Celebration of my 100th Review

Leonardo - Bruce Witzel photo

I’m all about celebrating. Disappearing in Plain Sight has garnered 100 reviews on Amazon.com.

The gathering of a three-digit number of book reviews has required patience, a large dose of humility and acceptance.

Before my BookBub promotion in March, I had almost given up on the whole review process. Disappearing in Plain Sight had been out for three years and the novel had generated thirty-three reviews. Most of those were hard-fought solicitations from book review bloggers. The type of review that is often lengthy, discusses setting, characterization and point of view. Some of those reviews read like assignments for a literature course. Book review bloggers rock!

With a radical increase in the number of people reading Disappearing in Plain Sight, a new type of review has emerged. For a starter, I’ve had the one and two-star variety. News flash – not everyone likes my work. These reviews keep the whole process real. Authors who have sold a number of books inevitably have a handful of less-than-stellar reviews.

The positive reactions more than compensate for the slight sting of the above mentioned reviews. A soul-searching novel about relationships, loved the intertwining of lives, this book makes you think and that’s a good thing and my all time favourite – can’t wait to read the next in the series!

What has captured my interest is the different type of reviews I’ve gathered up on the way to the big 100. Much shorter, these reviews zero in on personal satisfaction or lack thereof and are written as if the reader were simply telling a friend what they thought of my book. They are gut reaction to a reading experience.

A variety of reader reactions is exactly what is required to promote a book. Many book buyers are looking for the short, overheard conversation reviews. Others want the literature assignment type preview before committing to a new author.

I appreciate every one of my 100 reviews and want to take this opportunity to thank all the readers who took the time to share their reactions to Disappearing in Plain Sight.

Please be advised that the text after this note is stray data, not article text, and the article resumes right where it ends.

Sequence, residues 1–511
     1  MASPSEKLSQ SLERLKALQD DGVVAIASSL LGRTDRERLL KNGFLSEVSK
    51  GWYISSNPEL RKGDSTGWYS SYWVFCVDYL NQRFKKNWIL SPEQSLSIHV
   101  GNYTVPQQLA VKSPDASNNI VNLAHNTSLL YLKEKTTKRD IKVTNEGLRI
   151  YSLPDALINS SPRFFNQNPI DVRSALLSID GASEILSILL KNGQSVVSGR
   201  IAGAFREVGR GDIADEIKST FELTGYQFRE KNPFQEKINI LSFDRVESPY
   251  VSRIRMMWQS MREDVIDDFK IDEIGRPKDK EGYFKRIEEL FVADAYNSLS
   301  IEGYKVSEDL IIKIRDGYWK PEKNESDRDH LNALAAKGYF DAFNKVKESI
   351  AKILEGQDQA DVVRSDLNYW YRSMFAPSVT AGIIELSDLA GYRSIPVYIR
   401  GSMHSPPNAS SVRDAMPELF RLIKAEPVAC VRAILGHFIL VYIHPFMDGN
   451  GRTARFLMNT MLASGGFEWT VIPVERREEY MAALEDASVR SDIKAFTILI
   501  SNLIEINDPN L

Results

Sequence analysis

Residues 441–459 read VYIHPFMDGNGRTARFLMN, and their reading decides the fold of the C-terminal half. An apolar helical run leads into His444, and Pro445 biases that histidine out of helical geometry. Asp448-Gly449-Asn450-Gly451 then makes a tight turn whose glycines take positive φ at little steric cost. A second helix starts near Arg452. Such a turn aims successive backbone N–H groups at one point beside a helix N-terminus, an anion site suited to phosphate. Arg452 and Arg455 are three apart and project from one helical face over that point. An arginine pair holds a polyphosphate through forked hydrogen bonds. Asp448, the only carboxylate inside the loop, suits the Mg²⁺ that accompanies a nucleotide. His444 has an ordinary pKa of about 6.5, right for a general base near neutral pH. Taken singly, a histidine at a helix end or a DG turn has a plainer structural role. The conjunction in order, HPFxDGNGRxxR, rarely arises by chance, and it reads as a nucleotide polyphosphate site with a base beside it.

THANK YOU on speech bubble price labels

Unshod–A book of Short Stories

Unshod twitter

“Short stories consume you faster. They’re connected to brevity. With the short story, you are up against mortality. I know how tough they are as a form, but they’re also a total joy.” – Ali Smith

A couple of months ago, I was invited to contribute a story to an anthology being put together by eight, talented women authors – Jan Morrill, Pamela Foster, Staci Troilo, Joan Hall, P.C. Zick, Michele Jones and Lorna Faith. I would be number nine. The theme was western stories. That stopped me in my tracks. What came to mind was the old west, gunfights and cowboys. I certainly had nothing along that line. Upon further inquiry, I discovered the organizers were looking for an out west theme – era open. West coast got me in the door and my short story Helplessness made the cut.

Here’s what the reader can look forward to in this book of short stories …

An anthology of traditional and contemporary western short stories where the characters are lain bare. Nine female authors pen western tales that you’ll want to retell around a campfire. These aren’t your granddaddy’s westerns. They’re the next generation’s, and they’re darn good.

  • Feel the pain of a young Japanese girl who comes home from an internment camp after World War II and learns it’s easier to go with the flow than to fight the current.
  • Struggle with an expectant mother on the cold winter prairie while she waits for her husband to come home from a hunting trip.
  • Journey with a young woman to the Four Corners as she tries to connect with her Navajo ancestors.
  • Try not to believe in the superstition of the blue moon—if one dies, three more will follow.
  • Know that one way or another, life will change inalterably that day.
  • Walk in the footsteps of an old cowpoke who thought he made the deal of a lifetime.
  • Suffer the torments of a young lady who wants desperately to marry but seems destined never to wed.
  • Walk the wild western paths and run from unimaginable dangers.
  • Choose between an unhappy life of luxury or a happy life of simplicity.

Unshod is free for your reading enjoyment through the following e-book vendors:

Amazon.com       Barnes & Noble      iTunes      Kobo      Inktera      Scribd  

I hope you’ll download this free book, enjoy the read and maybe even feel inclined to write a short review.

85. Helpless

(An original piece of art work drawn by Xiaonan Gao for my short story Helplessness when it appeared on StoryShack)